What led up to Prop 13 and what are the ramifications?

In the 1950s and 1960s, California’s per-pupil spending was among the highest in the nation. Communities controlled funding to their schools. This often meant that the school districts would set their budgets, provide that information to the country, and the county would use that need to assist in setting property tax rates. This led to vast education inequality, with more affluent communities spending three or four times as much per student than poor communities. In the mid-1970s, a compromise of a sort was reached which limited state spending to a few thousand dollars per student. California dropped to about 15th in per-pupil spend.

In 1978, California passed Prop 13 which led to property taxes being based on the assessed rate, and not the market value of the property, with reassessment only required on the transfer of property, excluding in-family property transfers. California schools lost about a third of their funding overnight. By the early 1990s, California per-pupil spending was at 80% of the national average. Today California ranges between 41st and 46th in the country in terms of student spending. The state is similarly ranked among the lowest in teacher/pupil ratio, reading and math scores, and college readiness. 

How are my property taxes calculated and where do they go?

California is still using Prop 13’s definitions for property tax assessments. Residents pay 1% of their property’s value for real property taxes. This value is set at the property’s assessed value at the time of the property’s purchase. This 1%, shown as the “Countywide Tax” on your bill goes to Alameda County, to be distributed based on a statewide formula. Much of it goes into the county education fund, which is then augmented by state funds and distributed to the districts.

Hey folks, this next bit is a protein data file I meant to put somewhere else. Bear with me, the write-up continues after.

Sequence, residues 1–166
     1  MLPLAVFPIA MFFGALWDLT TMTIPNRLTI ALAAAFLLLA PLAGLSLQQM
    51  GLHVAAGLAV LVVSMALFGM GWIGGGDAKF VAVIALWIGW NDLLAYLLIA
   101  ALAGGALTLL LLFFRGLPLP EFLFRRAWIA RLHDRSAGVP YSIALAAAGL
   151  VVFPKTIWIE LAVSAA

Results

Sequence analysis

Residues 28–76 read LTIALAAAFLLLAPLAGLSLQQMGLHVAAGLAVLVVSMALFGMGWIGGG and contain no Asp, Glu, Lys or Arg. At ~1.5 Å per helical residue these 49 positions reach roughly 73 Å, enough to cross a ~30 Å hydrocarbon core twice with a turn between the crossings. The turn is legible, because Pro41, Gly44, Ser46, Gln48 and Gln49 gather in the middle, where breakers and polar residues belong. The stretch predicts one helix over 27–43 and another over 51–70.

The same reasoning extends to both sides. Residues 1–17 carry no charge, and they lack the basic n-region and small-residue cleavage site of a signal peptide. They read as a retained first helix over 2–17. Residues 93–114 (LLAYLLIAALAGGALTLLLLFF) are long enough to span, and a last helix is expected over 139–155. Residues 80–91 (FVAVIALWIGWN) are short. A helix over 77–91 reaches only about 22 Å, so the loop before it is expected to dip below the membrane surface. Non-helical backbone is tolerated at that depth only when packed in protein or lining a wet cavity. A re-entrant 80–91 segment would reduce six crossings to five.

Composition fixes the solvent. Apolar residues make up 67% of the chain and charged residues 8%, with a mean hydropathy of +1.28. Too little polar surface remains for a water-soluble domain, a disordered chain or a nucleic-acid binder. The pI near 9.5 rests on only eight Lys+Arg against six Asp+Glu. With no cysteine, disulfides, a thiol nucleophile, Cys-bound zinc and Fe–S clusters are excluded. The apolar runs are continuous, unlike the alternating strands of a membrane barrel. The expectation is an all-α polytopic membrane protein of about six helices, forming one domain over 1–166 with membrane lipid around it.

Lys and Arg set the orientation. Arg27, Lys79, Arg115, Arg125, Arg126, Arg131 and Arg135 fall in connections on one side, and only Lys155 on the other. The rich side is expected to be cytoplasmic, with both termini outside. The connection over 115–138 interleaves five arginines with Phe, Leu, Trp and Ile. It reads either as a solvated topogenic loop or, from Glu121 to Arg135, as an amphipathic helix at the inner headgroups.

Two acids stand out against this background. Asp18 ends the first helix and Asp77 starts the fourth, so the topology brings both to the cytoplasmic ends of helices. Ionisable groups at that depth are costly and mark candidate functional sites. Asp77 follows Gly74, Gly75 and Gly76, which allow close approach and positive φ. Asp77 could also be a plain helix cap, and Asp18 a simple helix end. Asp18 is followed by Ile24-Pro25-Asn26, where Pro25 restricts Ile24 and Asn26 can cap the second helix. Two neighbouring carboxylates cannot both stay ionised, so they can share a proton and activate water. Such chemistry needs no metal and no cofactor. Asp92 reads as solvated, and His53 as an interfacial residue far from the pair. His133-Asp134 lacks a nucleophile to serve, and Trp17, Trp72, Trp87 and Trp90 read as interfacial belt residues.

In addition to the 1% Countywide Tax, most homeowners will also see items under “Voter Approved Debt Service.” These are additional taxes that voters passed at the ballot box. In Piedmont, the H1 Bond to fund a new high school is listed at a 0.1243% tax rate. Other bonds are county or district-based. These funds go directly to the debt relief requirements passed by the voters.

What about parcel taxes?

If you look at the right side of your property tax bill, you’ll see a “Fixed Charges and/or Special Assessments” section. These are direct levies or parcel taxes. Parcel taxes became popular in California after the passage of Prop 13 as a way for schools and cities to function after the loss of so much property tax revenue. Piedmont has several such taxes, including taxes on local and county-wide services, as well as two school parcel taxes. These fees are paid annually by property owners, and get distributed directly to the Piedmont Unified School District. Together these Parcel Taxes, also known as Measures G and H, fund 28% of the district’s budget.